You know me and you know that I've got no problem putting government in the role of a helping hand out of poverty if it can do so. But if you have 4 million people paying an extra $2.50 per month, that's 120 million dollars a year to give back in services--proportionally much less of which Mrs. $180K/yr gets to take advantage of.
I understand your point, but add in $.19 gallon on gas and few bucks more a month at WalMart, etc... and those numbers begin to add up -*especially* during a recession. I am not trying to sound self righteous, but given my profession, I work with and serve the "working poor" on a daily basis. $5 bucks makes a difference. (On a side note, it bothers me that my industry pays awful wages, but such is the cost of the downward market pressures in the food biz. The irony of a full-time grocery store employee being eligible for food stamps grates me.)

Again, my bigger point is that lowering the floor when it comes to raising revenue is counter-productive.
Oh well- I'll jump in---much to Greg's consternation---I alwsy thought that a "progressive " tax was based on one's ability to pay---whether flat income tax rate (Mass) or graduated (US) it's based on your income----yeah yeah I know loopholes etc--- but at least in theory--- propertry tax is " regressive" becuase it's based on the market value--your assessed valution-- not on your ability to pay----now- let's look at the sales tax--same percentage for rich and not so rich---working poor as Greg calls them----yet it really is based on your ability to pay----if you can afford to buy a $40,000 car you can presumably pay the sales tax--- on the other hand if you can only afford a $4000 car- you can presumably pay the sales tax--in both cases if you couldn't afford the sales tax-- you wouldn't buy the product--- so in that sense the sales tax is NOT "regressive" it is "progessive" because it's based on your ability to pay-----spending 5% or 6% on the sales tax-- in other words 1 percent increase is not going to deter me from buying the product----if I can afford it in the first place---same goes for TV's---$3000 plasma-- or 19 inch - for $300-- which ever you can afford- the sales tax is not a deterrent----raise the sales tax up 2 points-- 3 points---I'll still only buy what i can afford and that's the product's list price--tax included-----so whatcha think-- chbpod
Just saw this reply here. Clark, the flaw in your logic is that people's ability to buy is not the same as their ability to pay.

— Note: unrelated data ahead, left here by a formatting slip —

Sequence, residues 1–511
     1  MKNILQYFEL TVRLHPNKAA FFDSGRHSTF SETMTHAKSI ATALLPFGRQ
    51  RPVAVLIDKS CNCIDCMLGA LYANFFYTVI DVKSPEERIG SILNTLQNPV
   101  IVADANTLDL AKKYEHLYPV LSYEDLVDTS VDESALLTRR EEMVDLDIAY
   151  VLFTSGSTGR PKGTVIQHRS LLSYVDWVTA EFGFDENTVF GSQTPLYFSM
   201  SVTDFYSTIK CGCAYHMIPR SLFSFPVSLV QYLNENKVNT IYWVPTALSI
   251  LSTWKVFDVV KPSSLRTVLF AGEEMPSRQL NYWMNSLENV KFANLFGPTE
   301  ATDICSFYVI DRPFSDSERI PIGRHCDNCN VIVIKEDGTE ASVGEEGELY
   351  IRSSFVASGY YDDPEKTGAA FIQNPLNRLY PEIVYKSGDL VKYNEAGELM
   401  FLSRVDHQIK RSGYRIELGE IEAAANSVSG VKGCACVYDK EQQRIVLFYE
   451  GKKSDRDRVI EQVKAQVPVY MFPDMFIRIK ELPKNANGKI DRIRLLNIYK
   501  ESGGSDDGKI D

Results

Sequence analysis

Greg--what's your suggestion to get a better targeting mechanism, especially when everyone on Beacon Hill from Deval to Dan Bosley to the guy behind the counter at the Starbucks on Staniford Street is pretty much talking about raising income taxes as a non-starter?
I miss your point Ross---the ability to buy is not the same as the ability to pay?? You can't buy without paying---and most people don;t buy what they can't pay for---what you can afford-your ability to pay has a direct relationship to what you buy---the rich buy more expensive stuff- the not so rich by less expensive stuff--and the sales tax is based on what stuff you buy--therefore progessive not regressive---sorry- chbpod
For those who wonder about who pays a higher percent of their income in sales tax, click here.
Post a Comment

<< Home
A blog of random thoughts and reactions emanating from the bank of a mountain stream in the farthest reaches of the bluest of blue states.

May 2006 / June 2006 / August 2006 / September 2006 / October 2006 / November 2006 / December 2006 / January 2007 / February 2007 / March 2007 / April 2007 / May 2007 / June 2007 / July 2007 / August 2007 / September 2007 / October 2007 / November 2007 / December 2007 / January 2008 / February 2008 / March 2008 / April 2008 / May 2008 / June 2008 / July 2008 / August 2008 / September 2008 / October 2008 / November 2008 / December 2008 / January 2009 / February 2009 / March 2009 / April 2009 / May 2009 / June 2009 / July 2009 / August 2009 / September 2009 / October 2009 / November 2009 / December 2009 / January 2010 / February 2010 / March 2010 / April 2010 / May 2010 / January 2011 / May 2011 / June 2011 / July 2011 / October 2011 /

greg at gregoryroach dot com

"Livability, not just affordability." - Dick Alcombright

My ongoing campaign for North Adams City Council

iBerkshires' Online Event Calendar

Because a Chart is Worth 1000 Words

Congressional Budget Office data

Powered by Blogger